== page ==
Financial Institutions and Banking Financial News

Is Your Bank in Compliance?

The Dodd-Frank Act gives the Consumer Financial Protection Bureau (CFPB) broad authority to prosecute unfair, deceptive or abusive acts or practices (UDAAP) by banks and other financial providers. Early last year, the CFPB announced a new policy that gave institutions a reprieve from UDAAP enforcement actions. But in March 2021, it rescinded this policy, signaling a return to more aggressive enforcement.

UDAAP refresher

During the COVID-19 pandemic, many banks have changed the way they do business — for example, by reducing lobby hours, closing branches, and relying more on mobile banking apps and online transactions — and many of these changes may be here to stay. So, given the CFPB’s more aggressive enforcement stance, it’s a good idea for banks to review their UDAAP compliance policies and update them to reflect current business practices.

One reason UDAAP might be problematic is that its restrictions are quite broad and, in some cases, vague. Generally, an act or practice is unfair if it causes, or is likely to cause, substantial injury to consumers and such injury isn’t reasonably avoidable. Deceptive acts or practices are those that mislead or are likely to mislead consumers, provided the consumer’s interpretation is reasonable under the circumstances and the act or practice is material.

An act or practice is abusive if it materially interferes with a consumer’s ability to understand a product or service’s terms or conditions. Alternatively, abusive acts or practices may take unreasonable advantage of consumers’ 1) lack of understanding, 2) inability to protect their interests, or 3) reasonable reliance on banks to act in their interests.

CFPB guidance provides a nonexhaustive list of examples of conduct that may, depending on the facts and circumstances, constitute UDAAPs. They include:

  • Collecting or assessing a debt or additional amounts in connection with a debt (for example, interest, fees or charges) not expressly authorized by the agreement or permitted by law,
  • Failing to credit a consumer’s account with timely submitted payments and then imposing late fees,
  • Taking possession of property without the legal right to do so,
  • Revealing the consumer’s debt, without consent, to the consumer’s employer or coworkers,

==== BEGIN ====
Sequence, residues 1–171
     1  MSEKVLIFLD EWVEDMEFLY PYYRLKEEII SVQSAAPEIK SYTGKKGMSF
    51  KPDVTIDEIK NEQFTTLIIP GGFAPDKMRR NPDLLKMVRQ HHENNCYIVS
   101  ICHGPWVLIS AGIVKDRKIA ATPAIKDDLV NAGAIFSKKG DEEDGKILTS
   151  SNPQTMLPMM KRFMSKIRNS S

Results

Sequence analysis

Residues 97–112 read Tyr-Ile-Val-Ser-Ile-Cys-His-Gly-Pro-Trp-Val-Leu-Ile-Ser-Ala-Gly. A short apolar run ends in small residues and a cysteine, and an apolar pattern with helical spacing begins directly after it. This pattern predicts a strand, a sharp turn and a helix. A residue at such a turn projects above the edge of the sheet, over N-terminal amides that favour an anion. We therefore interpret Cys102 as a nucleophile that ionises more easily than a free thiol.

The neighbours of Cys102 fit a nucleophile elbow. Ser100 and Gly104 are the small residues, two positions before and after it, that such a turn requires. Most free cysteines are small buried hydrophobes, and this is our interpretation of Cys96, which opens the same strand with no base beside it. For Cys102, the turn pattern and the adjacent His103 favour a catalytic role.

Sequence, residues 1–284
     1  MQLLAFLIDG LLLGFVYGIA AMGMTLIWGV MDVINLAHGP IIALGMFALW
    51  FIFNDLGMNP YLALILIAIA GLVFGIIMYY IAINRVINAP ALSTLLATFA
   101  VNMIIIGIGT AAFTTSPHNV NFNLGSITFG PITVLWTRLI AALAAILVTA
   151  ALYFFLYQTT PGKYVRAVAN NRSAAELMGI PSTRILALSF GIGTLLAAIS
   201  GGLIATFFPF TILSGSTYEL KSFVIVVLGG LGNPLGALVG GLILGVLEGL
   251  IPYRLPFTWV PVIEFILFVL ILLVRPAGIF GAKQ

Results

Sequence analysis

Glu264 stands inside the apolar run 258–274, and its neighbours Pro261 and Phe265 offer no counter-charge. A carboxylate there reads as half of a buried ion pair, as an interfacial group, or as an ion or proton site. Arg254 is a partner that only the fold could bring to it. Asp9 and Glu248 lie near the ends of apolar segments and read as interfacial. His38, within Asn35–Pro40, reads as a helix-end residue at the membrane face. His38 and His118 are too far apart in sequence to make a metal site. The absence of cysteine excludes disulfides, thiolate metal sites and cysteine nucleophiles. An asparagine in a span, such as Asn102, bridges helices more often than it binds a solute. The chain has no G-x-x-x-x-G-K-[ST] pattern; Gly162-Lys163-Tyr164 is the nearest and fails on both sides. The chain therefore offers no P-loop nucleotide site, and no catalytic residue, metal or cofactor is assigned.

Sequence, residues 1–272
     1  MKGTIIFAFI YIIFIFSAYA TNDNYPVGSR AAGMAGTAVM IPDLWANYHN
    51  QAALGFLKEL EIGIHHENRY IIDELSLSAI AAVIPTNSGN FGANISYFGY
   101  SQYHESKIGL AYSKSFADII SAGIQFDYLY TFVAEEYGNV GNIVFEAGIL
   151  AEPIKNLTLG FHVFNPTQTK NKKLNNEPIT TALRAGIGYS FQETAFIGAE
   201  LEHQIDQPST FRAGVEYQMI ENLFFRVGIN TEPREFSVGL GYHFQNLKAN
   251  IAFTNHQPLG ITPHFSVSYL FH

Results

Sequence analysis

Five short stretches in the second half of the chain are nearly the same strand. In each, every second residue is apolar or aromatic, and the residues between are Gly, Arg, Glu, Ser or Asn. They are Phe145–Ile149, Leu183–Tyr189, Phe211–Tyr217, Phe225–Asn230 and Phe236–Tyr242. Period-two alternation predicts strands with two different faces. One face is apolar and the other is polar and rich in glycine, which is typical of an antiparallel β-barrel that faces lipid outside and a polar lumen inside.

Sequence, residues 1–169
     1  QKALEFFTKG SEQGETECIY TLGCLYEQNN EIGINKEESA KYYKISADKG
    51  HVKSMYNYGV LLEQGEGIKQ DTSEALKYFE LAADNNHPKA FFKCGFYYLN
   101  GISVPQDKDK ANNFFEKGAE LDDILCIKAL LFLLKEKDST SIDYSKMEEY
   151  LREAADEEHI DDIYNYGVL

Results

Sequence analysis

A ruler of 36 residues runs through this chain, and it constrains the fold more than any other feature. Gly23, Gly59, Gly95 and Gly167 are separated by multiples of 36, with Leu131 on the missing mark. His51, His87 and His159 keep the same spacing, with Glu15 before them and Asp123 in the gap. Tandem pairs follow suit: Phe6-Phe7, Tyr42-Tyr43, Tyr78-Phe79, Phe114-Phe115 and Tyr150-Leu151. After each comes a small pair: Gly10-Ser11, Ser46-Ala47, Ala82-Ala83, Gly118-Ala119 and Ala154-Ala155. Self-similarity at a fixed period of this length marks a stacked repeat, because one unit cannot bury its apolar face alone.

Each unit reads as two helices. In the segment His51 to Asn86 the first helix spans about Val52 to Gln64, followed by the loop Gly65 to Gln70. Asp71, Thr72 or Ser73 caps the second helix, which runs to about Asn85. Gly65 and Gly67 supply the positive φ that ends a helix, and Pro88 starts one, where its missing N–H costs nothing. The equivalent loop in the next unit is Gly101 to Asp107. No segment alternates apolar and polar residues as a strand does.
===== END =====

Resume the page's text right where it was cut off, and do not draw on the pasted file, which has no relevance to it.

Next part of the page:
• Falsely representing the character, amount or legal status of the debt, and
  • Threatening any action that isn’t intended or authorized, including false threats of lawsuits, arrest, prosecution or imprisonment for nonpayment of debt.

Certain misrepresentations also may qualify as UDAAPs. For instance, a bank can’t falsely claim that a debt collection communication is from an attorney or government-affilitated source. Banks also can’t lie about whether information about a payment or nonpayment would be furnished to a credit reporting agency — or falsely promise to waive or forgive debts if consumers accept a settlement offer.

COVID-related updates

The COVID-19 pandemic has caused most businesses, including banks, to change the way they do things — so now’s a good time for a review. For example, have you permitted borrowers to skip loan payments under certain circumstances? Will that policy continue even after the pandemic ends? If so, you need to ensure that your policy is designed and communicated in a manner that isn’t unfair, deceptive or abusive to your customers.

During the pandemic, many banks have relied more heavily on electronic transactions in light of social distancing guidelines, a practice that may continue post-pandemic. If your bank permits customers to receive disclosures and other documents electronically, be sure that your policies and practices are fair, clearly communicated and don’t negatively impact customers without access to the necessary technology.

Even physical access and security practices may raise UDAAP concerns. For example, could reducing branch hours be perceived as unfair or abusive to specific customers? And what about masks or other face coverings? Ordinarily, banks prohibit them. But by necessity, exceptions have been made pursuant to mask mandates during the pandemic. In the absence of a mandate, what will your bank’s policy be going forward? Will you require customers to remove their masks, even if they’re at higher risk or simply feel more comfortable wearing one? Whatever your policy, it should be carefully designed and communicated to avoid UDAAP issues.

Training is key

Any time a bank changes its business practices or establishes new ones, it’s important to evaluate whether those changes raise UDAAP concerns. Even if your policies are fair on paper, they can still trigger UDAAP liability if they’re not put into practice properly. So be sure that bank staff or other representatives are adequately trained.

To ensure that your bank is still compliant after all of the recent changes, contact one of our financial institution experts today.


CFPB renews focus on UDAAP enforcement

In January 2020, the Consumer Financial Protection Bureau (CFPB) issued a policy statement providing some relief to banks for unfair, deceptive, or abusive acts or practices (UDAAP). Pursuant to the statement, the CFPB said it wouldn’t challenge conduct as abusive unless the harm to consumers outweighed the benefits. It also pledged to end “dual pleading” — that is, charging a bank with both abusiveness and unfairness or deception based on the same conduct — and to refrain from seeking monetary relief when a bank made a good-faith effort to comply with the law.